3 Essentials to Connecting with All Stakeholders

3 Essentials to Connecting with All Stakeholders by Toby A. Travis, Ed.D.

John Maxwell once wrote, “Educators take something simple and make it complicated. Communicators take something complicated and make it simple.”[1] Obviously he is using sarcasm to make his point, but it is an effective use of sarcasm due to the reality that his observation often rings true. When attempting to connect with the various stakeholders of the school community (i.e. faculty, staff, students, parents, and the general community), school leaders do well to always keep in mind the following 3 essential keys to making a connection.

  1. Keep It Simple

As educators, we tend to provide analysis and commentary to nearly every issue – and as valuable as that may be in a course of study, it is a practice that can create a barrier to concise and clear communication. Maxwell goes on to say, “Communication is not just what you say. It’s also how you say it. Contrary to what some educators teach, the key to effective communication is simplicity. Forget about impressing people with big words or complex sentences. If you want to connect with people, keep it simple.”[2]

  1. Talk About the “Why”

Perhaps the most important element of effective communication in an educational institution (and for that matter in the work of education) is that of being able to consistently and clearly communicate the why behind any directive. “Leadership requires constant communication so that people know where they are heading and why.”[3] We know with students that they are far more likely to engage in the learning of any lesson or subject if the teacher has answered the fundamental question of why the student should care about the learning. If a student does not understand and embrace an internal motivation for participation in the learning, then it is nearly impossible for the learning to take place. The same is true of all of us. Therefore the school leader must be able to clearly communicate an imperative for participating in whatever the expectation or directive may be by succinctly making the why obvious and compelling.

Simon Sinek, author of Start with Why: How Great Leaders Inspire Everyone to Take Action, states that “Great leaders… are able to inspire people to act. Those who are able to inspire give people a sense of purpose or belonging that has little to do with any external incentive or benefit to be gained.”[4] He goes on to observe that “You have to earn trust by communicating and demonstrating that you share the same values and beliefs. You have to talk about your WHY and prove it with WHAT you do.”[5]

  1. Understand That The Medium Is The Message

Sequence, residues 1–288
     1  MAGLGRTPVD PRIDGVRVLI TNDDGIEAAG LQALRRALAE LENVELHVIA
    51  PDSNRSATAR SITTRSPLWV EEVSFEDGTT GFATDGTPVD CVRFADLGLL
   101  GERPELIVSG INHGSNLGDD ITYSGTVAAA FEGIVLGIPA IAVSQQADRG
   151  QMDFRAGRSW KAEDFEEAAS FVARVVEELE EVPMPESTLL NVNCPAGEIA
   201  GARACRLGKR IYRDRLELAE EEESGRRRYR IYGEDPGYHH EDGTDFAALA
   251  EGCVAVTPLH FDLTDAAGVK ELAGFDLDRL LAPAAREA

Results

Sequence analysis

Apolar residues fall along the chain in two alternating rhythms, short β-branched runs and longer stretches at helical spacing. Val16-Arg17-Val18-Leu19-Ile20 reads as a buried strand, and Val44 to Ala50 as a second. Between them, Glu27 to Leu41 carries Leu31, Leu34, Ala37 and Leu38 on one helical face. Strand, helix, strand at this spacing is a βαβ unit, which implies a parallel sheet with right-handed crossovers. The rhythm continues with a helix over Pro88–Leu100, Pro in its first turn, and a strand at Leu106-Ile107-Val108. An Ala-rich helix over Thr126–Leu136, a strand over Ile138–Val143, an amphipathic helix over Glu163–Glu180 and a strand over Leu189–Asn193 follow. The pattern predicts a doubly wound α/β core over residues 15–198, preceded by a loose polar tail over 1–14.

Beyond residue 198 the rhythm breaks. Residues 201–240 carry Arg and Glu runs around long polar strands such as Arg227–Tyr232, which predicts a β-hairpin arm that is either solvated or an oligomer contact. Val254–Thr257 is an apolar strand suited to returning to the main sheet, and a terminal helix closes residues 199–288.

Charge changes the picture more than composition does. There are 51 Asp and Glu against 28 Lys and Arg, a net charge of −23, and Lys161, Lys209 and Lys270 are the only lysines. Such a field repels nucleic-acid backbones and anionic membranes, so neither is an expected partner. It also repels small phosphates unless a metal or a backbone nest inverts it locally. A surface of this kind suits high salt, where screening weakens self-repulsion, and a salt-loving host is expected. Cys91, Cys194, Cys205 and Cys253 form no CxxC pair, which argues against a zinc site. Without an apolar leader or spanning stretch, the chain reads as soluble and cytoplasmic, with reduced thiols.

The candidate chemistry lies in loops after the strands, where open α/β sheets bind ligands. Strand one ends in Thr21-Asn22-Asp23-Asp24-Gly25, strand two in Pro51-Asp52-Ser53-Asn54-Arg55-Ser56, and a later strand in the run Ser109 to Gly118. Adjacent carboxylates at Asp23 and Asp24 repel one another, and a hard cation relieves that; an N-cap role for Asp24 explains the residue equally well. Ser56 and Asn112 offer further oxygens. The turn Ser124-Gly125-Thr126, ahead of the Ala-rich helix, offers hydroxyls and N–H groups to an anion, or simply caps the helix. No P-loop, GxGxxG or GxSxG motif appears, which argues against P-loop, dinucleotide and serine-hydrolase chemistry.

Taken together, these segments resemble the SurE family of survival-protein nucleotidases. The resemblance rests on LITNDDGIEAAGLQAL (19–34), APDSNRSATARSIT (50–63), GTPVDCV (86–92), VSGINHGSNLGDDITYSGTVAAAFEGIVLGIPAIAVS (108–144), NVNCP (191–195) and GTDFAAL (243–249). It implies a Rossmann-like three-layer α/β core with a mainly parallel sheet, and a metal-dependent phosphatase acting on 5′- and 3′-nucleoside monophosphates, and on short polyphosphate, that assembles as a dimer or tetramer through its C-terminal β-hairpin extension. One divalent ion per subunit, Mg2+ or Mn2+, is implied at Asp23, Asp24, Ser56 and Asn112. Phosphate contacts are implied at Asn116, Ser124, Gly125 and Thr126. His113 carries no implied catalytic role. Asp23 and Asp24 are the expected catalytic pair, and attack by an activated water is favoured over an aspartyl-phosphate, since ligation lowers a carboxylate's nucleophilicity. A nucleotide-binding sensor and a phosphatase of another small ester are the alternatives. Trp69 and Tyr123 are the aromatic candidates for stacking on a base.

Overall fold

Some studies have concluded that there is typically a loss of 40-60% of meaning in the transmission of messages between the sender and the receiver.[6] “Clear communication is difficult for another reason. Some studies suggest that over 90 percent of the meaning we derive comes from nonverbal cues that one person gives to another. That means only 10 percent of communication is based on words we say!”[7] Also, it has been my observation over decades of leading and directing teams, and engaging the broader community, that the vast majority of conflicts are based upon a lack of clear communication. The nonverbal elements of communication must always be considered; especially when attempting to motivate faculty members toward change.  For example:

    Principals can tell teachers during a faculty meeting that they need to work on incorporating more technology into their teaching and experience the teachers leaving that meeting either saying, “My principal doesn’t know what she’s talking about. I don’t care what she says anymore,” or, “Wow, my principal has given me some real food for thought today. I need to think carefully about the points she made.” The deciding factor is how we, as instructional leaders, present our constructive criticism to the teacher.[8]

The old adage, “It’s not what you say, but how you say it that matters” is fundamental to effective communication. Our corporal expressions (i.e. body language), the setting in which the communication is given (i.e. the environment), the means by which the information is given (i.e. the methodology) and more are the elements that can make or break both the type of reception and the type of response to whatever we are attempting to communicate. The emotional elements of communication are the elements that people remember most. Many studies have shown that the vast majority of the content of any type of communication is quickly forgotten. Retained in the memory of the recipient are the non-verbal and emotional elements. Therefore, we must always remember that the medium (the method and the way we communicate) is the message.

These three essentials also lead to a greater level of trusted school leadership.

***

©2016 Toby A. Travis

[1] Maxwell, John. (1999). The 21 Indispensable Qualities of a Leader. (p. 23). Thomas Nelson.

[2] Ibid. (p. 26).

[3] Silverstein, Barry (2009-10-13). Best Practices: Managing People (Kindle Locations 1232-1233). HarperCollins.

[4] Sinek, Simon (2009-09-23). Start with Why: How Great Leaders Inspire Everyone to Take Action (p. 6). Penguin Publishing Group. Kindle Edition.

[5] Sinek, Simon (2009-09-23). Start with Why: How Great Leaders Inspire Everyone to Take Action (pp. 84-85). Penguin Publishing Group. Kindle Edition.

[6] “The Communication Process,” The Importance of Effective Communication, 2008 from http://www.scribd.com/doc/3895068/The-Importance-of-Effective-Communication .

[7] Horsager, The Trust Edge: How Top Leaders Gain Faster Results, Deeper Relationships. Kindle Locations 848-850.

[8] Arneson, Shelly. (2011). Communicate & Motivate: The School Leader’s Guide to Effective Communication (Kindle Locations 134-135). Taylor and Francis.

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